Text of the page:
As you’re thirsting for stronger legs, you may be busy watching the barbell back squat duke it out with the deadlift for the title of King of the Lifts. But there’s a humble heir to the throne that can shower you with muscle growth if you let it into your program. If you’re ready to drink up those leg gains and have never tried the goblet squat, we have the recipe for you.
The goblet squat is an advanced version of the bodyweight squat, but its simplicity doesn’t render it ineffective. This lift only requires a dumbbell — or, if you’re feeling creative, a kettlebell — and a lot of grit. By adding the goblet squat to your routine, you’re setting yourself up for massive leg day success (and massive legs).
But this lift won’t just help you build muscle. The goblet squat is a powerhouse of a lift, helping you with everything from your hip mobility to your upper back strength and posture. Read on to find out what other goblet squat benefits you can add to your proverbial arsenal and how to program them for maximum effectiveness.
Editor’s note: The content on BarBend is meant to be informative in nature, but it shouldn’t take the place of advice and/or supervision from a medical professional. The opinions and articles on this site are not intended for use as diagnosis, prevention, and/or treatment of health problems. Speak with your physician if you have any concerns.
Benefits of the Goblet Squat
- Build Muscle
- Get Stronger
- Functional Warm-Up
- Improve Hip Mobility
- More Accessible to Beginners
- Promotes Upright Posture
- Alternative to Barbell Squats
- Increased Upper Back Strength
- Boost Core Strength
- Improve Mental Discipline
One of the primary reasons lifters come back to the squat time and time again is its muscle-building potential. And that doesn’t just apply to back squats. The goblet squat is particularly good at stimulating your quadriceps. (1) The more quality volume you can give the fronts of your thighs, the better chance you stand of building hefty tree trunks.
The goblet squat allows you to add high-quality volume to your leg day without over-taxing your lower back — or the rest of your body, for that matter. Even though you can go quite heavy with the goblet squat if you want to, the overall load will typically be much lighter than the load of a barbell back squat.
It may not be as glamorous as its barbell cousin, but the goblet squat can get you plenty strong. Although by nature, the goblet squat is lower body-focused, you’ll be holding the weight with your hands rather than resting or pinning it to your back.
This means that your upper body will be actively engaged in supporting the weight. Your core will also be firing on all cylinders to keep you stable over your center of gravity. With your entire body engaged so heavily, you’re bound to get stronger.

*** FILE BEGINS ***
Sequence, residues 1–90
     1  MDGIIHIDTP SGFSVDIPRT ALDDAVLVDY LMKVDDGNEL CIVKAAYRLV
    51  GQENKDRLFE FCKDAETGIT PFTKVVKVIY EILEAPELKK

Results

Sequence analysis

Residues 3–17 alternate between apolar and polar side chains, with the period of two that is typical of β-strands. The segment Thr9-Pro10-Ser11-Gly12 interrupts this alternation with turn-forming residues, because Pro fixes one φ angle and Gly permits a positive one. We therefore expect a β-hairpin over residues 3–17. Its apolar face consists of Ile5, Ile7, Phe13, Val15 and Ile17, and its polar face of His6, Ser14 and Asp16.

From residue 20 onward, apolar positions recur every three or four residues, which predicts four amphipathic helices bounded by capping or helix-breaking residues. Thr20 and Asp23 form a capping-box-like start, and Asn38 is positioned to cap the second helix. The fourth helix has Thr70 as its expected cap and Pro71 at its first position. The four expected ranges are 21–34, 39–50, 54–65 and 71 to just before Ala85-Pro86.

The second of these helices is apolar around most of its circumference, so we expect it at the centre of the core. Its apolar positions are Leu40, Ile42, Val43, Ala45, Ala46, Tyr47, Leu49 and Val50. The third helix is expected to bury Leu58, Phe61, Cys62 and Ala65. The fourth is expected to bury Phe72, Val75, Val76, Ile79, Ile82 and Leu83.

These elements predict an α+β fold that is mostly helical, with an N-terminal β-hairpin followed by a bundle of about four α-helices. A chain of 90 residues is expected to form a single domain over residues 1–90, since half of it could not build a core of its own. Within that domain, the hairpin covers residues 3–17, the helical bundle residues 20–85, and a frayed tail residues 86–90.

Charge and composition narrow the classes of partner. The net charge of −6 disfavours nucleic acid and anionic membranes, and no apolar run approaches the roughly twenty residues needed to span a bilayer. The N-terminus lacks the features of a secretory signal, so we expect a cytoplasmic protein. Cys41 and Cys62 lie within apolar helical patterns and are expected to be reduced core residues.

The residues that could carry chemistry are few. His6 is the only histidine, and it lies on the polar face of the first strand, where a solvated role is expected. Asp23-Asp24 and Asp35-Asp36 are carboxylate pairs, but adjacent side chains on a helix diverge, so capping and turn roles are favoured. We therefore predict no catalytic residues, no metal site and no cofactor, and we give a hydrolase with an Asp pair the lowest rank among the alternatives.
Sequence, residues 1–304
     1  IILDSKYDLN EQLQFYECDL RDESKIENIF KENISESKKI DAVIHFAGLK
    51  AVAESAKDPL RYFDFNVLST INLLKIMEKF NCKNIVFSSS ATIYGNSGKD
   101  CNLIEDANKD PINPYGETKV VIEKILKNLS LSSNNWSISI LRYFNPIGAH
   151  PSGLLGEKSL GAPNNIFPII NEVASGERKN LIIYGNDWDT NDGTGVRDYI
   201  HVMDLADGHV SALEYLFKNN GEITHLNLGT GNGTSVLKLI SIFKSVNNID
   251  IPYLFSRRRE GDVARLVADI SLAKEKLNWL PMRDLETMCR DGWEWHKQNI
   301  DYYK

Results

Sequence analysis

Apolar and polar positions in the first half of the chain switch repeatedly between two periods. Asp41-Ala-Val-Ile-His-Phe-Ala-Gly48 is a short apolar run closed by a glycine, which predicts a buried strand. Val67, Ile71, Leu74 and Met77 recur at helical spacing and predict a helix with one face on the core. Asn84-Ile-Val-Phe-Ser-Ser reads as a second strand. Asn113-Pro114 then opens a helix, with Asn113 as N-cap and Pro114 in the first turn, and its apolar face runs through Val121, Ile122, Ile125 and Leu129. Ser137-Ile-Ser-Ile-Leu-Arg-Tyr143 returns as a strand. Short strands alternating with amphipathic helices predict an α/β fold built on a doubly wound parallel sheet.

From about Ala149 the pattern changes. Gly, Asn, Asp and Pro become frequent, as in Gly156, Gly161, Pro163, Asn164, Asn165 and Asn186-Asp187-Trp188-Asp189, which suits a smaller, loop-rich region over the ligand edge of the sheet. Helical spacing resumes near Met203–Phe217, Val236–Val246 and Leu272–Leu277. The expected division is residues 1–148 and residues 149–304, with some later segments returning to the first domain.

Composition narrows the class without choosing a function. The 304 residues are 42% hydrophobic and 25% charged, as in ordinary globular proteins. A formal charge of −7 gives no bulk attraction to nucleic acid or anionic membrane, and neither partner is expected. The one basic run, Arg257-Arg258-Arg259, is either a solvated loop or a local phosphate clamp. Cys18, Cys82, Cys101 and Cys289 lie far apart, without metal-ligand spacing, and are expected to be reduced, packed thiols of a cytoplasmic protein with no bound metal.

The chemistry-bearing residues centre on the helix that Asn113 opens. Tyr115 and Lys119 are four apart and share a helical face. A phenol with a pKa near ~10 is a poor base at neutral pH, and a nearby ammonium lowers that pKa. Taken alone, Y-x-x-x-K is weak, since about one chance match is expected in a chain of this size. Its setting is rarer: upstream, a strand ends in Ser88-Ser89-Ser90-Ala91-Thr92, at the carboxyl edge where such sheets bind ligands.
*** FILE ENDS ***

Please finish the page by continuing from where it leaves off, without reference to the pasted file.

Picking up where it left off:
Although we love heavy weights, we’re not in the business of disrespecting bodyweight exercises. The bodyweight squat is an excellent overall exercise, and it’s an honorable addition to any dynamic warm-up. But the goblet squat allows you to take your warm-up just one step — or rather, one squat — farther.
With the goblet squat, you can start transitioning out of your bodyweight warm-up into functionally loaded movements. This can help you grease the groove of your lift and signal to your body that you’re about to lift heavy. By the time you step under the barbell, your joints and muscles really will be ready to go.
Front-loading a dumbbell is often more intuitive for people than front-racking a barbell. This increased comfort is why the goblet squat is often referred to as a beginner exercise — and it’s also why it can be so good for lifters’ hip mobility.
When you’re more comfortable with your starting position, it’s often easier to sink into a deeper range of motion. Practicing the goblet squat can help you reach a fuller depth than you might be used to with a barbell squat. In doing so, you’ll be able to improve your hip mobility under load. This can make for much more effective — and even heavier — squats.
Let’s be clear — the goblet squat is not just for beginners. All of these benefits apply to a wide range of lifters at all levels of experience. That said, there’s a reason the goblet squat is often touted as a beginner squat exercise.
It’s functionally very similar to a bodyweight squat. The movement pattern is nearly identical, especially if you practice performing bodyweight squats with your elbows bent and your hands close to your chest. These important similarities make the goblet squat a useful exercise to help beginning lifters learn how to squat under load — even if they’re not ready for the barbell.
If you want to do what your parents were always telling you to do and hunch a little less over your phone, get goblet squatting. Yes, it’s a leg exercise, but it will give you a lot of vertical loading pressure to contend with. (1)
The goblet squat will have you battling to keep your vertical position the whole time. You’ll be getting a lot of high-quality, high-pressure practice at keeping an upright posture.
Maybe you’re a beginner who isn’t yet ready to tackle the barbell squat. Or maybe you’re working out from home where it’s just you and your dumbbell — no squat rack in sight. It might also be that you’re looking for an alternative to barbell squats because you’ve found that the back squat just doesn’t feel good for your lower back.
Enter the goblet squat. This move can stimulate a whole lot of lower body strength and muscle growth without putting so much pressure on your spine. You can add a lot of lower leg volume without adding all that much stress to your lower back — a real win-win combination.
Like the barbell front squat, the goblet squat has you front-loading your weight. However, with a barbell squat, a hefty majority of the actual weight is resting on your delts. This is often just not the case with goblet squat.
Depending on the shape of your chest, you might rest the weight to a greater or less degree on your upper chest. You can do so by bringing your elbows farther forward and upward than you might normally expect them during a goblet squat.
However, goblet squats often call for you to keep your elbows down and relatively tucked in. If that’s a configuration that your body allows, you’ll be resting the weight primarily in your hands. Either way, your upper back will have to remain extremely engaged throughout the lift to keep the dumbbell in place. This high level of upper back recruitment means that it’s not just your legs that are in for a workout.
The goblet squat requires you to maintain a fairly upright stance throughout the lift. Not only does this mean that your upper back receives a lot of stimulation from holding the dumbbell. It also means that your core will be working overtime to counterbalance against the downward pull of the front-loaded weight.
Get enough goblet squats in, and you’ll likely start feeling the burn in your abs as much as your legs. That’s to be expected — and it’s also one of the most appealing strength benefits of the move. By teaching your core to remain strong and tight during a dynamic lower body movement, you’re developing a habit that will translate well into barbell squats and deadlifts alike.